Collaboration within Tables works just like it does in other Google productivity tools, too. You can invite anyone else with a Google account into a table (by clicking the Share button at the top right of the screen), and you can then decide whether they’ll be able to merely view the table or be allowed to comment on it, add to it, or even fully edit it. When you’re working on a table at the same time as someone else, you’ll both see each other’s progress appear in realtime — the same way you would with Docs, Sheets, and other Workspace services.
Speaking of Google ecosystem integration, you can also add a column type that lets you link to files from your Google Drive storage — including documents from Docs, spreadsheets from Sheets, and so on — with a couple quick clicks and no actual uploading. Anyone else viewing the table can then open those files right then and there, without ever leaving the browser.
And if you ever want your table to function as a more traditional spreadsheet, all you’ve gotta do is click the three-dot menu at the top left of the screen — next to the table’s title — to find an option to export the entire thing directly into Google Sheets.
Not quite as impressive in that environment, right? But not to worry, for Tables itself has some pretty useful viewing options that’ll almost certainly handle everything you need.
The Google Tables viewing options
At the top of every Tables, erm, table sits a button showing the current view type. In our task tracking example from a second ago, the button said “Grid” — since that was the view we were using.
But you don’t have to stick with whatever view Tables gives you by default. No matter what that button says at any given moment, you can always click it to see and select from all of the available Tables layout options:
- The Grid Layout is the standard spreadsheet-plus sort of view we’ve been looking at so far throughout this exploration. It’s the most basic Tables view of all and one you’ll probably lean on often.
- The Kanban Layout, meanwhile, moves your data into a Trello-like series of cards and boards. It’s a super-effective way to visualize items across a variety of categories. You can drag and drop things from one column to the next and easily keep track of what belongs where — whether you’re using the columns as status indicators, timing reminders, or even just different types of classifications for your various tasks and projects.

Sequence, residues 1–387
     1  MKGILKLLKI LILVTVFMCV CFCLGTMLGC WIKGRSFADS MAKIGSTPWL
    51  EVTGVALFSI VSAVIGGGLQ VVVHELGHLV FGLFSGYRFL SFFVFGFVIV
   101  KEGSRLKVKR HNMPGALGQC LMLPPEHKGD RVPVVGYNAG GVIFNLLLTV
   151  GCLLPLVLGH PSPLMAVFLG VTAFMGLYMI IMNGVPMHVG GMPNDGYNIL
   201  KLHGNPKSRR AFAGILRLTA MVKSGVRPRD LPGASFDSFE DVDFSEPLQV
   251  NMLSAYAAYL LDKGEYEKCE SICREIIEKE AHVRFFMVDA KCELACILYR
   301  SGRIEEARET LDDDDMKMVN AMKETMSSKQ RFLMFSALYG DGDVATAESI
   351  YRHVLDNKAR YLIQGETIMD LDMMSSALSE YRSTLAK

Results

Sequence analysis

- The Calendar Layout helpfully shows any date-associated data within a month-long calendar so you can see exactly what’s coming up and when.
- The Queue Layout moves all of your rows into a condensed list so you can see a broader overview and click on any individual item to get more specific info.
- And the Map Layout lets you see any items that include a special “Location” field within an actual Google Map, embedded right inside the Tables website.
Those options add an awful lot of versatility into how you can organize and manipulate whatever manner of info you’re managing. And we haven’t even gotten into one of Tables’ most impressive time-savers — one that works no matter what kind of data or table view you’re using.
The Tables automation equation
At the start of this exploration, I said that where Tables really excelled (!) was with its Google ecosystem integration and its simplicity. And here’s where the second part of that advantage comes into play.
In addition to giving you an impressive framework for managing practically any manner of data imaginable, Tables includes an automation system that can truly take your info-organizing to the next level. And unlike many such systems, it’s impressively easy to use, and it requires virtually no time to learn.